Indeed executives were at pains to point out the relatively benign economic conditions seen in the first six months of the year, which saw the bank massively reduce its impairment charges on bad loans, are unlikely to continue for the rest of 2014.
They also made it clear RBS is still dealing with several conduct and litigation related issues which may take several years to resolve.
Chief executive Ross McEwan noted those factors are likely to impact profits for many years yet.
Set alongside that RBS continues to charge forward with further large scale restructuring. Charges for this year are already running at more than £500 million.
The cost of that is likely to run into several billion pounds by 2017 and see many more jobs lost from the bank.
If he sticks with his current strategy there appears little doubt that Mr McEwan will achieve his plan for RBS to be a much simpler bank.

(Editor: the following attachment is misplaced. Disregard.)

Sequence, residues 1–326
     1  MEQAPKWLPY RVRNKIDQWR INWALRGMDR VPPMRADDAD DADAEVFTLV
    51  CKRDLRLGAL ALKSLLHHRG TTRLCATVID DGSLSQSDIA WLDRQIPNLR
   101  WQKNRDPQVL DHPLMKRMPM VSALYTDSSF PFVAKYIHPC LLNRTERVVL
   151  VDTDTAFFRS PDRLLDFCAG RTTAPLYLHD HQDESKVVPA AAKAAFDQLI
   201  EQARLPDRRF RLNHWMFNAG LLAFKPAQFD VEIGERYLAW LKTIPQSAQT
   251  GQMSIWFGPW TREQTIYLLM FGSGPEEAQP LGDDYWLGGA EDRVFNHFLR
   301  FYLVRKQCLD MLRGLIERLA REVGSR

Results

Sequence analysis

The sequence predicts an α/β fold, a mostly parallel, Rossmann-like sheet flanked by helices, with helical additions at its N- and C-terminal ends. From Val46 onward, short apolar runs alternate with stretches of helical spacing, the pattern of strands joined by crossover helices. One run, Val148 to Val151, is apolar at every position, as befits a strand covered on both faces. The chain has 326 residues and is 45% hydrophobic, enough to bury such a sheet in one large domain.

His focus on trying to make financial information clearer and easier to understand for personal and business customers is to be admired.
However there are still question marks over how a slimmed down RBS can realistically expect to improve its customer service, particularly as not all its clients will be comfortable using phone banking never mind the various digital platforms it offers.
So while the patient is making progress the long-term prognosis remains uncertain.